Oct 22, 2012 | Atlanta, GA
Steve Usselman, professor and chair of the School of History, Technology, and Society (HTS), was the invited keynote speaker at the semi-annual meeting of Georgia Tech’s Advisory Board. This group of distinguished advisors to President Peterson met on October 19 and 20 to consider the Institute’s research strategy for fostering an "innovation ecosystem" in Atlanta and its region.
Usselman, a historian who has written extensively about institutional change and innovation, described the creation of dynamic ecosystems in locales such as Silicon Valley and reflected upon how those experiences might inform the prospects for success in Atlanta.
“One of the great challenges for any research university looking to foster such an ecosystem,” Usselman told the group, “is to manage its boundaries creatively. The charge is especially difficult because universities operate within a federalist system. Their leaders must simultaneously attend to developments at the national level, which influence available funding, while also creating opportunities on the local level for fruitful interaction among people from various parts of campus and the surrounding community.”
A key component at the local level is the construction of physical spaces where researchers from industry meet those from the campus community, including students. Another crucial ingredient is a sense of history.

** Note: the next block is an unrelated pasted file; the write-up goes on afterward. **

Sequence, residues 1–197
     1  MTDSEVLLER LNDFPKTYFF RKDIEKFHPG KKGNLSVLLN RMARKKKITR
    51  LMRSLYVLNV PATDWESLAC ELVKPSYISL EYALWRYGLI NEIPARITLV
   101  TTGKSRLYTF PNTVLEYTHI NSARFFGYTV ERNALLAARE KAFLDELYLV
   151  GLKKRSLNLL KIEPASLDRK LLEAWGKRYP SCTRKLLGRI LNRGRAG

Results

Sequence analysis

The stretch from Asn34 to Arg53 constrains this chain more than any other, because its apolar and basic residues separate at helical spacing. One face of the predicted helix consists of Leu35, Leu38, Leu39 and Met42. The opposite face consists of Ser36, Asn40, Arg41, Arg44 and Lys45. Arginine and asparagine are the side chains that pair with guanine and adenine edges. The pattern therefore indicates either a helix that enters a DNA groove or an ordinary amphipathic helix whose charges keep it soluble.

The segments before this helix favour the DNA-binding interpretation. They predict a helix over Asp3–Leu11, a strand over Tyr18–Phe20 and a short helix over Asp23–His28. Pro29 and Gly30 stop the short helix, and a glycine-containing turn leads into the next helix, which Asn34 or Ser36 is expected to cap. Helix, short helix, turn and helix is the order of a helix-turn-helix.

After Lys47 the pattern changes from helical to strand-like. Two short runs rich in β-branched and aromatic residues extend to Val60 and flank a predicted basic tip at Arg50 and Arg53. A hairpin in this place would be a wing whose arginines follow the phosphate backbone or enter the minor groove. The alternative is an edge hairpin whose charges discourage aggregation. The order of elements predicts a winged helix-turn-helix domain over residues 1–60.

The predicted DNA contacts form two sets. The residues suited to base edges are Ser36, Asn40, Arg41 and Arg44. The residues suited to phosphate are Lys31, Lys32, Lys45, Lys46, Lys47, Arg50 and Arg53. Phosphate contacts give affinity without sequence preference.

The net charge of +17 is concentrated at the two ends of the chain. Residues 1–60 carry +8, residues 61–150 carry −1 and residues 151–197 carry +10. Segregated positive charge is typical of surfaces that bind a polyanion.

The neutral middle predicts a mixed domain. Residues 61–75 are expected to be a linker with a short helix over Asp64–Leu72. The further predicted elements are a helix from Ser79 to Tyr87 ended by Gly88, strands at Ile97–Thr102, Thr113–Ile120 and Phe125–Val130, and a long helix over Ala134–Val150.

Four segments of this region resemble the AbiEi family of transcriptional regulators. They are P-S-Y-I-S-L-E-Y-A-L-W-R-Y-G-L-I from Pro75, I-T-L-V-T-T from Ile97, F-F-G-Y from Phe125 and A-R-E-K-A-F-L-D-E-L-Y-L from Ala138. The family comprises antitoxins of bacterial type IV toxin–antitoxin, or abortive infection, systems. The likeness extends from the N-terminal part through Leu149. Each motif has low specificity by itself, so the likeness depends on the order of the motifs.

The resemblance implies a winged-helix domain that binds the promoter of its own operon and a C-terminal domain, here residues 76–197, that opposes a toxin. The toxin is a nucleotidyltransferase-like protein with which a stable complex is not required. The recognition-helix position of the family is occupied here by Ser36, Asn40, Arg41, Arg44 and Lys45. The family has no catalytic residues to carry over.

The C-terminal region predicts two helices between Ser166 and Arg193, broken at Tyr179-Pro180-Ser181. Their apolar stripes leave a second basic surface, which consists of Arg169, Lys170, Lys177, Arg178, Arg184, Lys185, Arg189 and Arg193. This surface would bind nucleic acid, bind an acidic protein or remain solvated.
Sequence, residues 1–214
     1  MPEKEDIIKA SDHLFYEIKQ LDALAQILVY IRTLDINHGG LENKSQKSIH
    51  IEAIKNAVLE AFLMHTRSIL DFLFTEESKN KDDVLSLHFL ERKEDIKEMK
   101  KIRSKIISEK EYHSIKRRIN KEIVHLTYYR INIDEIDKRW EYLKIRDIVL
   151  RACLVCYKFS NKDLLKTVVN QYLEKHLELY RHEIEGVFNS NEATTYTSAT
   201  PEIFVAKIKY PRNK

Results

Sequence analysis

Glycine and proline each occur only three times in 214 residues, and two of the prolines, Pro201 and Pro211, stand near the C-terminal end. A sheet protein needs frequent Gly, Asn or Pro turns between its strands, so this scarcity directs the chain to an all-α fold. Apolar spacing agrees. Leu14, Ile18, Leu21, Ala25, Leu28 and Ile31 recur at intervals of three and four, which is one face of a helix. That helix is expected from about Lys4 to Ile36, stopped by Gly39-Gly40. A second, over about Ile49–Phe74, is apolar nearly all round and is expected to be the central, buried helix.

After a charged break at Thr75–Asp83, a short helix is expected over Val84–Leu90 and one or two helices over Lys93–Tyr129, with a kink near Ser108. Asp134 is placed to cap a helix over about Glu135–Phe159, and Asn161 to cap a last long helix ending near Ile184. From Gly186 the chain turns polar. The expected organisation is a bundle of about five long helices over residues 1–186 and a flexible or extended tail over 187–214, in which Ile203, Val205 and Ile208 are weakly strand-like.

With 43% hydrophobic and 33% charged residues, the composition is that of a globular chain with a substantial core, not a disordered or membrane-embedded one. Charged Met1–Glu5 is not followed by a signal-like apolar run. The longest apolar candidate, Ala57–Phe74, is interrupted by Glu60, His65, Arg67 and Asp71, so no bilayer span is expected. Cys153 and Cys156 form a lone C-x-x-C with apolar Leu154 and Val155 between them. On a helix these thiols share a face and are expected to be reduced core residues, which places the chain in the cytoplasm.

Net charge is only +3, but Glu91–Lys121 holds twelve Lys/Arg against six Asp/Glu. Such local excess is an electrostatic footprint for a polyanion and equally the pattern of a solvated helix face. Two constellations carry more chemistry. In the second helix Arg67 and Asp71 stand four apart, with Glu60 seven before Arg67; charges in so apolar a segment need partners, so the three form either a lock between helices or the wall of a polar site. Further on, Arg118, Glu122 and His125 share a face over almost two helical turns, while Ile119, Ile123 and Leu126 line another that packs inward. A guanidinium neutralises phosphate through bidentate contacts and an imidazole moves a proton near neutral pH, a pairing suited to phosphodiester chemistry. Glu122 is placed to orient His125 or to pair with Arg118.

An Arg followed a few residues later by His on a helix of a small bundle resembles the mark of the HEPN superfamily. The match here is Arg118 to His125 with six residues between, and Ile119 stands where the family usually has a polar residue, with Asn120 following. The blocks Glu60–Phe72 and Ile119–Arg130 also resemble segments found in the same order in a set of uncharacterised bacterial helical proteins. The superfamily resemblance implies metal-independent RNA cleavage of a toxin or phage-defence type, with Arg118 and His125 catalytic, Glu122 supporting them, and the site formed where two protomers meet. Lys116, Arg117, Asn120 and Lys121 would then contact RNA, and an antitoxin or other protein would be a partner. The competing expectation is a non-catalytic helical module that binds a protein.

“Institutions such as Georgia Tech cannot simply mimic successes such as Stanford. In building innovative ecosystems of their own, they need to understand their pasts and leverage the cultures they have inherited,” Usselman said.
Georgia Tech, for instance, has a long tradition of providing its students with hands-on exposure to industrial technologies.
“Rather than reject that tradition, the Institute should embrace it, while working to infuse its current ecosystem with a more innovative, entrepreneurial spirit,” said Usselman.
Usselman pointed to moments in the past when Georgia Tech had successfully navigated such transitions, as when it diverted its emphasis from defense to energy research in the 1970s and established a hydraulics laboratory in the 1940s. That lab was housed in the newly constructed Civil Engineering Building, one of many campus facilities built with federal funds under New Deal programs.